Electronic Design

Letters

The Original Disposable Lighter
I always enjoy looking back to times when engineers were also part mechanic, sheet metal worker, carpenter, and chef. Your photo of the Fairchild IC in "Fairchild's First Silicon Integrated Digital Circuits" \[Nov. 6, 2000, p. 70\] caught my eye because not long ago, I opened up an older piece of equipment and lo and behold, there was a TO-X canned op-amp (741, you bet). While looking at the photo, it struck me that although some of your readers might never have seen the can, many wouldn't recognize the object lying beside it—the original disposable lighter.
John Rohwer
JR & Friends
Sterling, Illinois

Reader Finds Simpler Solution
I was stunned by the IFD "Low-Dropout Current Regulator Improves LED Driver Efficiency" \[Nov. 6, p. 142\]. I can't believe that someone actually wasted time thinking up this circuit and then writing an article about it. The writer complains that when the LED is off in circuit 1, R2 "wastes well over 100 µA." And, he goes on to design an "improved" circuit.

First, if you don't want to waste the 100 µa, connect the grounded lead of R2 to the LED cathode instead. The switch would turn off both the LED and bias currents and result in 0 µA of LED off current. How is that for improved?

Second, if the switch in the picture is actually a microprocessor pin and not a real switch, connect the LED cathode directly to ground, and "switch" the ground terminal of R2. Simply turning ~100 µA of bias current on and off is much easier for a processor to do than to sink the ~10 µA of LED current.

There's a small problem with this approach in that 5 V would forward bias the C-B junction of Q1, and current would flow through R2, C-B, and then R1 back to the battery. This can be solved by using an open-collector driver or using the processor in an open-collector mode. (Setting the pin to an input will turn off the LED.)

Third, "flip" the whole circuit over, connect the LED anode to the battery, and use NPN's connected to ground. This avoids the whole open collector/forward bias problem mentioned previously. Also, if you're looking to decrease the dropout effect of Q1's VBE, add a pair of biasing resistors to increase the voltage seen at Q1 VBE. These are some of the oldest tricks in the book for current-limiting circuits.

All of these approaches use cheaper, more common parts (bipolars instead of MOSFETs, NPNs versus PNPs). This seems to be a case of someone just not thinking after designing a circuit.
Stephen Dubovsky
Design Engineer
Morningstar Corp.

You're correct. You and a surprisingly few alert readers have noticed this simpler solution. We try to publish interesting alternatives to standard approaches. Sometimes we don't catch that they might be overlooking the most efficient solution. Thanks for keeping us on our toes and for reading Ideas for Design.—Jim Boyd, IFD Editor

Energy For The Future Of Civilization
For the past 140 years, the world's people have evolved a civilization heading toward a state of utopia \["Energy Conservation: Do We Have The Resolve To Do It?" Nov. 6, p. 58\]. Technically, the physical energy to operate this system has come mainly from fossil fuels, the present component of primary importance being conventional petroleum.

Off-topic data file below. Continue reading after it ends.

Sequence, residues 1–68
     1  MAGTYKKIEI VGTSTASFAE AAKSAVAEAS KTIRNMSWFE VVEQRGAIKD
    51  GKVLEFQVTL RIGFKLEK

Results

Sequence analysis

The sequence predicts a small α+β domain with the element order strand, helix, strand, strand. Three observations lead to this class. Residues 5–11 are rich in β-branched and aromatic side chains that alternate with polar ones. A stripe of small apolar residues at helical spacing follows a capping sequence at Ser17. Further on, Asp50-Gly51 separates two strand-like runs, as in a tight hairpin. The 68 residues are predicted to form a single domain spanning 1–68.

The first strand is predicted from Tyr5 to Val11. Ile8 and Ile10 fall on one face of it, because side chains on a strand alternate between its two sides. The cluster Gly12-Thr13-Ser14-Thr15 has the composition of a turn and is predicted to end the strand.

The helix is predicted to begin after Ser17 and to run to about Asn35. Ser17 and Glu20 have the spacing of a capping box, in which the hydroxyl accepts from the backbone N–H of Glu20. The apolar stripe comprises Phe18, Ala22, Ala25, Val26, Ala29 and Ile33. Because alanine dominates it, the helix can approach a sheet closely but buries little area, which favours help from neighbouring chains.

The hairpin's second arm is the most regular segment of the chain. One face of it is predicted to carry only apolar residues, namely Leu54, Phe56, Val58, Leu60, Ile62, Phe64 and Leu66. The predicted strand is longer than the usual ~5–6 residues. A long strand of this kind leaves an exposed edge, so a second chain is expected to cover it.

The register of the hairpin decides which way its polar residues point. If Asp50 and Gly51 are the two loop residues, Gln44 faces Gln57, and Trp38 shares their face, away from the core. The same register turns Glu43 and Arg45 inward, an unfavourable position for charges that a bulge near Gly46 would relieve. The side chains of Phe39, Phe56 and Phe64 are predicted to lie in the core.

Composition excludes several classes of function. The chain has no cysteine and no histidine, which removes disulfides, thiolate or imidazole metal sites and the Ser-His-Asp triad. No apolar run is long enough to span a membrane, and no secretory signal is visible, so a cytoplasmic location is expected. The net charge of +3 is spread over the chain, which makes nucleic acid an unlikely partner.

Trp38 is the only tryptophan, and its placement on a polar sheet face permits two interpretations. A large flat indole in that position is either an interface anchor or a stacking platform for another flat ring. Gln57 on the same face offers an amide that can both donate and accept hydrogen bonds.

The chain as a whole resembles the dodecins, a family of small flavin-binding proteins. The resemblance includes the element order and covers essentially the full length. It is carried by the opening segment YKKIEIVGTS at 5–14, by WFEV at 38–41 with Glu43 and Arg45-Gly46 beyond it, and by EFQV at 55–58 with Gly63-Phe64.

Now, we are midway in the exploitation of the conventional petroleum capital that was originally available. That generally means that the rate at which this resource can be obtained will not only cease to increase, but will actually fall exponentially. In light of the fact that the requirement for these fuels will continue to increase at least linearly, the delta will cause their price to rise asymptotically to vertical.

This will result in the substitution of more pollution-causing energy, such as coal, shale oil, or tar sands, or massive disruptions to human comfort, quality of life, and economic prosperity. Great wars and the massive killing of human populations could even ensue.

Once this process is in progress and manifest to all, the supercilious attitude of people and their leaders to energy development and to energy conservation will diametrically change.

Once this change has taken place, energy conservation goals/objectives will be factored into the requirements analysis phase in the development of every architecture. Indeed, it will be a constraint that this must be done.

However, energy conservation is only part of the solution. Energy development must be pursued with even greater fervor. Answers such as wind power and solar power must be expanded with great alacrity.

There's only one ultimate solution, however: controlled thermonuclear fusion. This must be the highest priority—equal to the Manhattan Project.

The human being is the universe's manifestation of consciousness. There's nothing that we're incapable of knowing or doing. The things most required are imagination, vision, and boldness. It's manifest destiny that we move forward to build a civilization fit for the gods.
Bob Dobry
Systems Engineer

Creating Hydrogen In Real Time
Just a though on the topic of your article "Energy Independence—Without Pollution—Lies At Our fingertips" \[Nov. 6, p. 165\]: maybe instead of storing the hydrogen, it could be created in real time. As subs generate their own H and O2, maybe a car could in real time (someday) suck the relative humidity out of the air while running, and split the water molecule into H and O2. Of course, in the desert....with almost no humidity....
Mike

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